Tanzania is placed on natural gas reserves projected at double Europe’s annual demand and its Energy Minister revealed that the country’s government wants future liquefied natural gas (LNG) terminals to be constructed onshore as a means to benefit the domestic economy, its energy minister said.
Tanzania and its southern neighbour, Mozambique, are competing in the race to be first to export gas from Africa’s eastern seaboard following recent massive discoveries offshore. These findings could transform their struggling economies, hence the competitiveness.
Both countries have challenges to deal with before they finish the race. Tanzania has yet to finalise its natural gas legislation, while debate continues regarding how much gas should be sold to foreign investors and how much left for domestic consumption in a country historically dogged by power outages.
Britain’s BG Group and Ophir Energy have been at the head of exploration in Tanzania, while energy majors Exxon Mobil and Statoil have also found gas. BG and Statoil plan to build a $10-billion LNG terminal.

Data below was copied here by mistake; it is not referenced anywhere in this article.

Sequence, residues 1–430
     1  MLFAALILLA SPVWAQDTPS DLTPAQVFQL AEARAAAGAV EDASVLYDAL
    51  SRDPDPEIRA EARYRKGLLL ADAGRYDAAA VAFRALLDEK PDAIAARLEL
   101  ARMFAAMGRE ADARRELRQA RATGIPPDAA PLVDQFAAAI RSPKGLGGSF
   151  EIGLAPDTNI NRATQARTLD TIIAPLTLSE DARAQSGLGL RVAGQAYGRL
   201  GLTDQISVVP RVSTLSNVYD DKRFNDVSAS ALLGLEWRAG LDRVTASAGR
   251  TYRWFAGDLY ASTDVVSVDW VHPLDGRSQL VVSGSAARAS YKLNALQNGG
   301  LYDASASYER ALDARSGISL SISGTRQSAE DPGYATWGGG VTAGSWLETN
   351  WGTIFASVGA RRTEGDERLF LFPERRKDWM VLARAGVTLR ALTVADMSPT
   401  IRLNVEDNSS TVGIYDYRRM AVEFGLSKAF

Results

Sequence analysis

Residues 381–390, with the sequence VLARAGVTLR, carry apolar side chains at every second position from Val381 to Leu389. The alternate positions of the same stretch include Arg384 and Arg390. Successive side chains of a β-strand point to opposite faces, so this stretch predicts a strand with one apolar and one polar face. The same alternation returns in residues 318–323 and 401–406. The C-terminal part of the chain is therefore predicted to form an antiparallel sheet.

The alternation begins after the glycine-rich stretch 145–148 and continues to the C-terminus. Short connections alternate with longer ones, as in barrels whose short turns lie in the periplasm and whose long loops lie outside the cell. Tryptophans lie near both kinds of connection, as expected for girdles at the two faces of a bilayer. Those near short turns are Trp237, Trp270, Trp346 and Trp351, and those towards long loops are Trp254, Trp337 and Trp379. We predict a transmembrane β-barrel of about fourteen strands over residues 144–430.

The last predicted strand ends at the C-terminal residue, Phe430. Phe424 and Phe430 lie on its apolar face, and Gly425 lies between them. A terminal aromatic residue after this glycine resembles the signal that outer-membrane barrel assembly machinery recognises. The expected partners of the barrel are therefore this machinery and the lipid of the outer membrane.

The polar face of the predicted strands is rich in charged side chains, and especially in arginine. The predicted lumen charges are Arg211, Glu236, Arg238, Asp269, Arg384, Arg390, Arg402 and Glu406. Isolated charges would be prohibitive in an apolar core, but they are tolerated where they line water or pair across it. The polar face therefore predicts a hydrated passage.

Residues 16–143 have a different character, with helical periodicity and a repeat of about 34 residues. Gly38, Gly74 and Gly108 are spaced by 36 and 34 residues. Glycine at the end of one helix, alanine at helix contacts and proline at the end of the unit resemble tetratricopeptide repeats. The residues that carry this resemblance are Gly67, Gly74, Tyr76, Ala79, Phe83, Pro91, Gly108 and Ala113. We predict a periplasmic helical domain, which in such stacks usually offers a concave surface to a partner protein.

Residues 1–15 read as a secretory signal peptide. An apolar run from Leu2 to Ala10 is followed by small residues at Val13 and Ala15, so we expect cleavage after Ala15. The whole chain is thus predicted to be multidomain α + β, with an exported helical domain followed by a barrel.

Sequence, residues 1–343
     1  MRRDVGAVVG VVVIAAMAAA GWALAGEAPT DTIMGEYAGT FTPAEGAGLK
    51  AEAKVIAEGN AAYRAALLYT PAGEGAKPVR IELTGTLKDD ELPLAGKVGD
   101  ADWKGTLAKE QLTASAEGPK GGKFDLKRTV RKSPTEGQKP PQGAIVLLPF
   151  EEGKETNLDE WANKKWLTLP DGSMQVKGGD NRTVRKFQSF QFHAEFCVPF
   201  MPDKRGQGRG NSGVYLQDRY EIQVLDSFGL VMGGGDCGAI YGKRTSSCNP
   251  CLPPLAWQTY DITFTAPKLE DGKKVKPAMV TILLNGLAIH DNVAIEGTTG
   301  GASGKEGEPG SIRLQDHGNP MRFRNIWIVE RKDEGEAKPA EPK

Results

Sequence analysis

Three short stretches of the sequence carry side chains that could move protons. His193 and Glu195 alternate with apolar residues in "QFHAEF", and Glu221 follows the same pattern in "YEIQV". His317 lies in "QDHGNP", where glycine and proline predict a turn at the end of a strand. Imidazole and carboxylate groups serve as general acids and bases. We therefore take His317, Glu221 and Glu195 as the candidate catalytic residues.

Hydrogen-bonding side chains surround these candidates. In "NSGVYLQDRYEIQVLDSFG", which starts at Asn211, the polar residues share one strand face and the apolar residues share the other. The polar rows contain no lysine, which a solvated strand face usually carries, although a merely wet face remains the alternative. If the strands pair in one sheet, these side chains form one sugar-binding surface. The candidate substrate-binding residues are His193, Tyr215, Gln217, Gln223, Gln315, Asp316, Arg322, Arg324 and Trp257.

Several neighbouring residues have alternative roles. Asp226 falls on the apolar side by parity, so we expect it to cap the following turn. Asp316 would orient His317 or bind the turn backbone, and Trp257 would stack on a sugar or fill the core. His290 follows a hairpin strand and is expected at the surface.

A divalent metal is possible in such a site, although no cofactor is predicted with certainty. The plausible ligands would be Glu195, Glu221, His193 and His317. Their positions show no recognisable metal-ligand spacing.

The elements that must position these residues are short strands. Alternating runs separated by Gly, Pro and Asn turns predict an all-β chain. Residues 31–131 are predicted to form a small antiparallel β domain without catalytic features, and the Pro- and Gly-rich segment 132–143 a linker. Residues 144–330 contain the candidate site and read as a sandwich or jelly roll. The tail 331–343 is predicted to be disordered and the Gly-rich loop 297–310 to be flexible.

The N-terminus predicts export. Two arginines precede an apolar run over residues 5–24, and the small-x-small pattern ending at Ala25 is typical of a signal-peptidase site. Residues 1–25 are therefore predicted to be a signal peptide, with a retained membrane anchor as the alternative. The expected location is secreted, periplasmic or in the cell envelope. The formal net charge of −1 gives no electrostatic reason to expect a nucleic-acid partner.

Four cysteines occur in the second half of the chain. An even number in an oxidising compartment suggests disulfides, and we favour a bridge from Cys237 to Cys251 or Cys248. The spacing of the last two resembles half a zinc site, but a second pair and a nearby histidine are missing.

Sospeter Muhongo, Tanzania’s energy and minerals minister, told Reuters on Friday in an interview that no LNG plant will be built offshore and such offerings have been rejected He further added that Statoil and BG were expected to submit proposals for a plant soon.
Natural gas is the fastest-growing fossil fuel and the region’s proximity to Asia’s major LNG consumers makes its reserves attractive to energy majors. Tanzanians have been farming since independence, but remain poor. We want the gas economy to benefit all Tanzanians,” the minister said.
Like Mozambique, Tanzania needs to conquer challenges before exports start, including passing legislation to promote and safeguard investors, securing new investment for costly infrastructure and allaying corruption fears. Tanzania, which is drafting a new gas policy, aims to hold its next oil and gas licensing around October 25 2-13. It will offer seven deepwater offshore blocks and one onshore. The gas policy will be taken for cabinet approval soon and the second that is done, a bill will be put to parliament. There has been no timeframe disclosed as to when the first LNG exports will take place.
The Tanzanian government will be keen to show gas windfalls will benefit the whole nation after violent protests in the south earlier this year by residents opposing the construction of a gas pipeline until they get a bigger share of benefits.
The southern Mtwara region, where the demonstrations took place, is one area earmarked by the government as a potential site for LNG plants. The government has accused opponents of fomenting trouble and has promised transparency.